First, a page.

Paul continues his focus on practical Christian living. In our reading today Paul is focusing on the parent child relationship. He shares what a healthy relationship looks like.
Paul addresses the children first. I’m wondering if there were children present during the reading of this letter or if their parents conveyed his message to them. Would Paul have bent down and spoken these words in person to children? I can imagine Jesus doing so. I don’t doubt He did so when He blessed them.
I wish someone would talk to today’s children and share this message with them. Our society is full of children ruling the household. The children are not taught to obey their parents. I guess I’m probably over generalizing the situation because the ones that behave this way are far more obvious than those who follow Paul’s instructions.
There is good practical reason for children to obey their parents beyond spiritual health. The parents are charged with protecting the children. They have also had a LOT more experience in the world. These two facts put the parent in a better position to know what is beneficial for the child. When the parent says, “Don’t swim without an adult present”, it is from a point of protection and experience. Fortunate is the child whose parents care enough to expect obedience.
Paul turns to the fathers next. An overbearing parent is counterproductive to a healthy child. The child who can do no right in their parent’s eyes usually ends up with a crushed spirit or in complete rebellion. Children need to know that the things their parents require or request of them are reasonable and attainable. Don’t set standards that will never be attainable. Discipline with love. The child who knows that, regardless of the mistakes they have made, that their parents still love them will be a child who wants to please their parents. They will also be better parents to their own children because of this example. THIS is the epitome of God’s love for us.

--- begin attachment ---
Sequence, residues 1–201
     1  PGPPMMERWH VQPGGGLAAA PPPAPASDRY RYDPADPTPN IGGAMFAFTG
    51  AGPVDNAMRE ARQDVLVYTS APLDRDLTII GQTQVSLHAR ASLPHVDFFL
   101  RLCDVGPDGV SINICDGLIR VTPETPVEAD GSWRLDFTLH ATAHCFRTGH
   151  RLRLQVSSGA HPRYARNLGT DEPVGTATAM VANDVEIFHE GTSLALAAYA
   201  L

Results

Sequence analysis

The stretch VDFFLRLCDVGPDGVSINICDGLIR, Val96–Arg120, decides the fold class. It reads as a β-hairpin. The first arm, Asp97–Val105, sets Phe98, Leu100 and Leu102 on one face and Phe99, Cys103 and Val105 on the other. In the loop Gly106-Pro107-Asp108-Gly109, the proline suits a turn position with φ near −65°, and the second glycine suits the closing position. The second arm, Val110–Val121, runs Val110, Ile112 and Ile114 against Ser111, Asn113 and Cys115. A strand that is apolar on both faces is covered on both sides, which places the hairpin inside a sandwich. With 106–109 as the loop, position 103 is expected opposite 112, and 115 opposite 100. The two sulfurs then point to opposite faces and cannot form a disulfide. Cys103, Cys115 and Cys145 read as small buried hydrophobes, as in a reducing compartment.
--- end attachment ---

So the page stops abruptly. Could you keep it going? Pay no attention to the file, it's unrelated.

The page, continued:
Paul’s final instruction to the fathers is to bring up their children “in the discipline and instruction of the Lord” (verse 4). These lessons are “caught” as well as “taught.” The child will learn of God’s instructions best when mommy and daddy model those instructions. When the parents live the precepts of God in plain view of their children, the children will see this as the pattern of behavior that is acceptable and expected. Be the living word in their world. There is no better way to show them God’s love that showing that love to them through you actions.
One very important area of loving your child and bringing them up to be godly children is discipline. If I can choose one cornerstone principal it is “say what you mean and mean what you say.” Do NOT make idol threats or promises to your children. If you say they will receive X if they do Y then follow through if they do Y. Do not make a “threat” you are not willing to carry out. Do not make a promise of reward you aren’t prepared to deliver on. Your words must speak truth to your child if you have any hope of them respecting and obeying you.
I would like to inject one more idea in raising healthy children. This isn’t one that is penned in scripture but it is actually based on it. When you praise or admonish your child for an action they have performed, relate it to the action. “Good job” or “I like the way you did X.” On the admonishment side, “That was not a nice thing to do” or “Your actions need some attention.” Don’t tie their actions to their person. “You are a bad/good girl/boy!” This wounds their self-worth.
I say this is based on scriptural principals because we are not saved by works. God judges our works, good and bad, but they are not what our relationship with Him is built upon. We are His children and He loves us even when we don’t behave properly. He addresses our sin without diminishing our worth to Him. The prodigal son never lost his Sonship just because he was in rebellion. He lost his inheritance but he was still welcomed home with love. Our children never lose their relationship with us for their behavior and it is the behavior that needs addressed instead of their personage.
Father God, thank You for the children and grandchildren You blessed me with. I wish I had modeled more consistent behavior for them throughout their lives. Thank You that they still love me in spite of all my mistakes as a mother. Thank You for being the Father to them that they didn’t have in our home. I know this wasn’t easy for them but You sustained us all through it. Please help me be a better parent and grandparent even now. Also help me be a better daughter. I want to continue to honor my parents for all of my life. I pray my life reflects the love they invested in me. I know I wouldn’t have met You without them. Thank You for giving me such loving parents. Yes, they made mistakes too but You sustained us all even in the tough times. Thank You.
Thank You for being the model of a perfect parent. No way I will ever live up to it but I will continue to try. Thank You that You love me even when I don’t measure up.